Moretti’s external journey during ‘In Vespa’ denotes that Italian culture has foregone its past refinement and desire for social justice in favour of vulgar mass consumerism. This discourse is subtly informed by references to director Pasolini. In real life interviews, Moretti has revealed his love for the more radical, political cinema of the 1960s, such as that of Pasolini (Mazierska and Rascaroli 11). Conversely, it becomes clear as Moretti cringes in his seat while watching an Italian film session, that contemporary film horrifies him. As evinced by his commentary on Rome’s suburbs, Moretti seems to agree with Pasolini that the past “contained a sacredness and poetry which the contemporary Cartesian world had lost” (Rohdie 9). Moretti’s visit to Pasolini’s grave pays an homage to past cinema while also lamenting the refined past that Italians have abandoned for their new capitalistic lifestyle. The grave, it turns out, is a remote, unkept and isolated stone sculpture which renders the symbolic neglect of the sacred only too apparent. Pasolini’s reality is “the reality of the poor, [...] the things that European bourgeoisie incarcerated, expelled beyond its borders” (Rohdie 12). Pasolini’s neglected grave mirrors society’s abandonment of fine cinema, and with it, the shunning of the poor in favour of capitalism.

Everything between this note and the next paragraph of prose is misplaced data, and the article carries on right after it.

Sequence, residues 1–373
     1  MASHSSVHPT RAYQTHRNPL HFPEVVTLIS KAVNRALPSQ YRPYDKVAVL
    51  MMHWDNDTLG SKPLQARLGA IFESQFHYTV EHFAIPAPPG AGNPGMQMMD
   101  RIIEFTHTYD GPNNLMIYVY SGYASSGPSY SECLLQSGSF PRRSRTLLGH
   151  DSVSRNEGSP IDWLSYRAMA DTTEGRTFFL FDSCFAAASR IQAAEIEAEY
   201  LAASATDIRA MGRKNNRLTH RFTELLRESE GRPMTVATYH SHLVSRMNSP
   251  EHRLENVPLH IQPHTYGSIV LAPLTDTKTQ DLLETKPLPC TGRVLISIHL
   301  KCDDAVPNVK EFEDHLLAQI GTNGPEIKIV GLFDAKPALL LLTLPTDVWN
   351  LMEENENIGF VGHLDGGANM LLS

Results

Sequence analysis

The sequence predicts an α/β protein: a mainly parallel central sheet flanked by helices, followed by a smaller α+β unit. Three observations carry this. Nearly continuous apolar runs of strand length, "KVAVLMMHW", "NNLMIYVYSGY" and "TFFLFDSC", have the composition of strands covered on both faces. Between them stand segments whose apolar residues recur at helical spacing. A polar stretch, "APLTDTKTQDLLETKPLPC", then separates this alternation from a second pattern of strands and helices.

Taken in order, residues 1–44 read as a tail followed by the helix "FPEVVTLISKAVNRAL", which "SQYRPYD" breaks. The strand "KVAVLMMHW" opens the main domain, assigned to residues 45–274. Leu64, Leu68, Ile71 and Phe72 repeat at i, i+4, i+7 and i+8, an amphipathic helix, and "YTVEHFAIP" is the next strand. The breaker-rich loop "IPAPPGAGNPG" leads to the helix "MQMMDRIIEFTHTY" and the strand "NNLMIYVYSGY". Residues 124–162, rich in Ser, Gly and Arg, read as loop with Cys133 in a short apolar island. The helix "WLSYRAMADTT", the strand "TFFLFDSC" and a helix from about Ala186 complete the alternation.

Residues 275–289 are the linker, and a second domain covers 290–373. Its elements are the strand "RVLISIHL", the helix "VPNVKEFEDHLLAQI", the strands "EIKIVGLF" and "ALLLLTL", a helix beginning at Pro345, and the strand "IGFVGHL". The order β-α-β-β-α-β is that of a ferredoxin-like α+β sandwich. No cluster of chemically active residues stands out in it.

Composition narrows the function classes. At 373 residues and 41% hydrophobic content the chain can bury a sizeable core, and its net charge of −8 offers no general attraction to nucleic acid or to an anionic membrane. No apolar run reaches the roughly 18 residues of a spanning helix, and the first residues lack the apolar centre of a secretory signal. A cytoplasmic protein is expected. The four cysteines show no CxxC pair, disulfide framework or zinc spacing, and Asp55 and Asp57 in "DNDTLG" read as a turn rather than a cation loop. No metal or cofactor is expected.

Caro Diario’s ‘In Vespa’ further highlights social injustices in Italian society by endorsing the concerns of ‘the other’. Moretti has been critical of Italian comedy (Mazierska and Rascaroli 12, 87) whose tendencies is to address social issues by poking fun at marginal society, working class and the poorer, uneducated milieu. ‘In Vespa’ functions in the opposite way to Italian comedy because Moretti pokes fun at his own class and aligns himself with the marginal masses. He boldly converses with a driver at a traffic light and tells him that he is “...comfortable and in agreement only with a minority”. This autobiographical component of ‘In Vespa’ reminds the audience that while Moretti may be an affluent intellectual in real life, he aligns himself with ‘the other’. Later, Moretti immerses himself into world music as if to convey his siding with this other. In particular, Moretti dances to the beat of ‘Didi’, a Rai hit by Algerian-French singer, Cheb Khaled. Before its popularity, Rai music originated from the poorer societies of Algeria who were eager to voice social concerns affecting the native population (Rai, Wikipedia). By embracing the moors of the marginal ‘other’ Moretti remains critical of traditional Italian comedy and of the affluent, intellectual community of which he himself is part.